A Handful of Kings first gives us Vicky Sorrell, a thirty-three-year-old cultural attaché officer in Spain. The novel opens with her decision to quit the embassy in Madrid, a choice that dovetails with the dumping of her boyfriend and fellow diplomat, Wyatt. Vicky is “the only patriot in the foreign service,” a woman who believes fiercely “in service to one’s country, and in not talking about service to one’s country.” According to Wyatt, Vicky is also “living proof that we’re better than they know.” Jacobs nails the conflicted nature of lower-level diplomats perfectly. Many people who engage in such work are often cynical and browbeaten by the idiocies of Washington, as anyone who has plied such folk with a few beers can attest. Vicky is sick of it: sick of office politics, sick of Ambassador Duffey (a bland, smiling dunce appointed because of his campaign contributions to an unnamed but presumably Texan president, and whose own staff sends around long emails filled with all the clichés the ambassador has used during his official speeches), but most of all Vicky is sick of her job:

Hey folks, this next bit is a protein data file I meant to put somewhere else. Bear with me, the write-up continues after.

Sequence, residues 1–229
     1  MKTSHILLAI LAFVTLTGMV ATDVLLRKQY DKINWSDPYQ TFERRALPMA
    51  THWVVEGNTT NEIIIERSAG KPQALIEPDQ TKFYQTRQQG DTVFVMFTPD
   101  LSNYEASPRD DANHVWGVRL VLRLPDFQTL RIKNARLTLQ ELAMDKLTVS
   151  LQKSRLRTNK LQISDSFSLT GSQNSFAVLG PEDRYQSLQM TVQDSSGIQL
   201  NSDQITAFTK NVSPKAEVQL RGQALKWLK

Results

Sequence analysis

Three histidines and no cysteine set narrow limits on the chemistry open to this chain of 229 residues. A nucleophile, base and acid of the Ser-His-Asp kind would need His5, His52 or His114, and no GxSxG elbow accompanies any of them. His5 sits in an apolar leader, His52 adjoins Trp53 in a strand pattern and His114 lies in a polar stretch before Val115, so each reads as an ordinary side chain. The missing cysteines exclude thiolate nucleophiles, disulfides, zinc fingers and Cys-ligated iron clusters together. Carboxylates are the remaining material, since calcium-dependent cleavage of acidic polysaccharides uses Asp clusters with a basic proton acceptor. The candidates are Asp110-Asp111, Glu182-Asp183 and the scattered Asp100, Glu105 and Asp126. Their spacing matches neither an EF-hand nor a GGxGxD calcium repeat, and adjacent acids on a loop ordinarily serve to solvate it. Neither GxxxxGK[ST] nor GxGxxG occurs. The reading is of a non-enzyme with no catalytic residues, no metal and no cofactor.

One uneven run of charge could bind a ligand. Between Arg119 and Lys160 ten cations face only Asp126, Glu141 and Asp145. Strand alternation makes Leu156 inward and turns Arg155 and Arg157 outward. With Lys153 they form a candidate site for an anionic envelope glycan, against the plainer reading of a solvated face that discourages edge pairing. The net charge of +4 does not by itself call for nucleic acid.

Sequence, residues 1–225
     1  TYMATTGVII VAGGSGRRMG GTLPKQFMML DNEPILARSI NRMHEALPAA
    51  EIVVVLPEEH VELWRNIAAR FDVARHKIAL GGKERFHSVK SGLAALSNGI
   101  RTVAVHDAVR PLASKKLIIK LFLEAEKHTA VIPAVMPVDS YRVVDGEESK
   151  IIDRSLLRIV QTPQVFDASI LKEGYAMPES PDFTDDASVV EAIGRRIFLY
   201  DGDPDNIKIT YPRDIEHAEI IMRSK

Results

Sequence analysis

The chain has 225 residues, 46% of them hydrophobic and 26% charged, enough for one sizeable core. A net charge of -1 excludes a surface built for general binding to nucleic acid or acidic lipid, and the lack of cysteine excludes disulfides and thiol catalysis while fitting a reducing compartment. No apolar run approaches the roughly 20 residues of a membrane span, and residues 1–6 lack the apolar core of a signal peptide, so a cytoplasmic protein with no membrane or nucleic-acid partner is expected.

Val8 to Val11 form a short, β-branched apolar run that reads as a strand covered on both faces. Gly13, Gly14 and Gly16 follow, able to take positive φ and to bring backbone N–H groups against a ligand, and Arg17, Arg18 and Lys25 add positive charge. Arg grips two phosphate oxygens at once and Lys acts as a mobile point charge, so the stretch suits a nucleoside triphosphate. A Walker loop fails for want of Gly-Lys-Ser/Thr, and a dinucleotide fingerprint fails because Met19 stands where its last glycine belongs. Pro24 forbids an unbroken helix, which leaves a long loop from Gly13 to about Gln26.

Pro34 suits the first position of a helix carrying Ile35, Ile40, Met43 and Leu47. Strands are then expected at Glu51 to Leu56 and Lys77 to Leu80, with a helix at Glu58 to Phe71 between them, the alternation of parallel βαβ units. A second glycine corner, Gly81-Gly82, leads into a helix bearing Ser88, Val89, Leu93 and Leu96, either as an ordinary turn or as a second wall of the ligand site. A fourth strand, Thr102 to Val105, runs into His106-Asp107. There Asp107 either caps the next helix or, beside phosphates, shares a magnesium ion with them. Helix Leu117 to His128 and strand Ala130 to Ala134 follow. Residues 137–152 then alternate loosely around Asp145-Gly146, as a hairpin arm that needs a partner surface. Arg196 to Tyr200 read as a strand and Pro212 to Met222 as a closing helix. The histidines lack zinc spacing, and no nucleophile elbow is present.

She joined the foreign service out of curiosity. She wanted to see how the world worked.… And she got what she wanted, but the isolation inside chancery buildings was hermetic. It was difficult to keep separate a sense of mission from a sense of privilege. It was just as hard to distinguish detachment from superiority. The bureaucracy became a jungle gym on which talented and ambitious people climbed toward power.